By Micha Shalev
Sleep disorders are commonly under diagnosed and a significant source of concern for the geriatric population.
Age alone does not cause sleep problems. Disturbed sleep, waking up tired every day and other symptoms of insomnia are not a normal part of aging. Instead, poor sleep habits, untreated sleep disorders, medications or medical problems can contribute to sleeplessness.
In addition to affecting quality of life — including excessive daytime sedation, physical, psychological and cognitive problems affecting overall health — sleep disorders have been implicated with an increased mortality rate among elderly dementia sufferers.
Unfortunately, the number of medications used increases with age, which in itself can lead to more morbidity, mortality, side effects such as falls, cognitive impairment, financial stressors and even sleep disturbances.
Treating insomnia in the elderly with dementia can improve overall health, but care must be taken when medications are used with this population.Education about age-related changes in sleep can alter the sufferer’s expectations. An example is when an elder realizes that an occasional sleepless night does not indicate a health problem.
Elder loved ones should be encouraged to improve sleep hygiene and use behavioral interventions. For example, to improve sleep hygiene, seniors are reminded not to consume stimulants — such as caffeine — for several hours before bedtime.
Behavioral interventions include sleep restriction therapy: Limiting the time spent in bed and minimizing daytime napping. This therapy increases sleep efficiency; it may deprive an elder of some sleep, but usually only at first.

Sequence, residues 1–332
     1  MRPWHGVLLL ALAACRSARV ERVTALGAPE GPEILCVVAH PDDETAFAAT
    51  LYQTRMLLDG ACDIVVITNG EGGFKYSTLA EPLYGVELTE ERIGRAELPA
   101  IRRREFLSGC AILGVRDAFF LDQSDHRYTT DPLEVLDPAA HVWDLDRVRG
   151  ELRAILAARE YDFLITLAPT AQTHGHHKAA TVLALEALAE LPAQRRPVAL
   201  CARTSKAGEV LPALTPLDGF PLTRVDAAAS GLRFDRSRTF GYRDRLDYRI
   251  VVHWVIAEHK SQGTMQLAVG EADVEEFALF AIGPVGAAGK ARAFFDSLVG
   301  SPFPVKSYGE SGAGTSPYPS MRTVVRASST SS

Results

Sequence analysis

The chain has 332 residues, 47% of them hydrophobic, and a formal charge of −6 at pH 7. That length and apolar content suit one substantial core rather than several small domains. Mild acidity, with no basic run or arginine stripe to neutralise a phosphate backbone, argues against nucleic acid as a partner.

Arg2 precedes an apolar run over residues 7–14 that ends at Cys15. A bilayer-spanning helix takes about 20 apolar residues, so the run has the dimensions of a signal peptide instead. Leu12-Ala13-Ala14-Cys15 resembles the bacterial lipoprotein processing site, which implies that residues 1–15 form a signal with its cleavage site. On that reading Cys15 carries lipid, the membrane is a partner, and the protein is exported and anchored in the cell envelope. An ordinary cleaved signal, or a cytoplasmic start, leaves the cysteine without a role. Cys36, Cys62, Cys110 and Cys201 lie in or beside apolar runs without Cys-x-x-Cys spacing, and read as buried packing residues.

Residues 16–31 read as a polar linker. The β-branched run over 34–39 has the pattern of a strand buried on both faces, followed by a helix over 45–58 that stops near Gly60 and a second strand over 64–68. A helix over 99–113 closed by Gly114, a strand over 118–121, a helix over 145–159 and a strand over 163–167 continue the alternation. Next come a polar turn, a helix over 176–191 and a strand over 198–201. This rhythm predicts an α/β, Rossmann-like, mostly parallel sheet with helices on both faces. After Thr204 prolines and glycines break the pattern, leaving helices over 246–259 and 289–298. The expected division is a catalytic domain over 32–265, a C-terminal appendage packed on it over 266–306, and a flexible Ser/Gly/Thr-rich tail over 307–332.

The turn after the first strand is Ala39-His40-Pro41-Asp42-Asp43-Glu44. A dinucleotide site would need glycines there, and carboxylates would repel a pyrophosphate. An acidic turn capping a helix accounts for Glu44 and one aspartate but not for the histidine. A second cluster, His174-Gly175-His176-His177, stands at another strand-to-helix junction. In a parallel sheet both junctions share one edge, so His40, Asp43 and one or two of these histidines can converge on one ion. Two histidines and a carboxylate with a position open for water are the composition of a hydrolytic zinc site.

Individuals should awaken at the same time each morning. They should determine when to go to bed based on their usual total nightly sleep time. This can be estimated by using a sleep diary. The time spent in bed is gradually increased as sleep efficiency increases.
Bright light therapy may help residents with an advanced or a delayed sleep phase. In sunny climates, outdoor bright light exposure may work just as well. A clinician should review all drugs that the insomniac is taking to check whether any may induce photosensitivity. This should determine whether there are any other disorders that may be exacerbated by this therapy.
Until recently, poor sleep in people with dementia was taken as an irreversible aspect of the disease. Today, however, studies are increasingly showing that sleep quality in people with dementia can indeed be improved and, consequently, symptoms of poor sleep, such as sundowning, insomnia and excessive daytime sleepiness, can be diminished.
Improved sleep means an improved quality of life for a person with dementia through increased alertness, decreased sleepiness and reduction in behavioral problems. These beneficial consequences have a positive impact on a caregiver’s quality of life and the quality of care the caregiver is able to give.
Normally, a caregiver’s own sleep quality begins to suffer as the caregiver deals with a wandering or belligerent person. A moment of inattentiveness on a tired caregiver’s part can potentially allow the person with dementia to get into dangerous situations.
Persistent poor sleep quality can cause the caregiver to suffer negative mood changes, such as depression, anger and hopelessness, which in turn can negatively impact the quality of care the person is able to give someone with dementia. Poor sleep quality and its impact on the caregiver may be the most common factor leading caretakers to institutionalize a person with dementia.
Micha Shalev, MHA, is the owner of Dodge Park Rest Home at 101 Randolph Road. Worcester. He can be reached at 508-853-8180 or by e-mail at firstname.lastname@example.org or view more information online at www.dodgepark.com. Archives of articles from previous issues can be read at www.fiftyplusadvocate.com.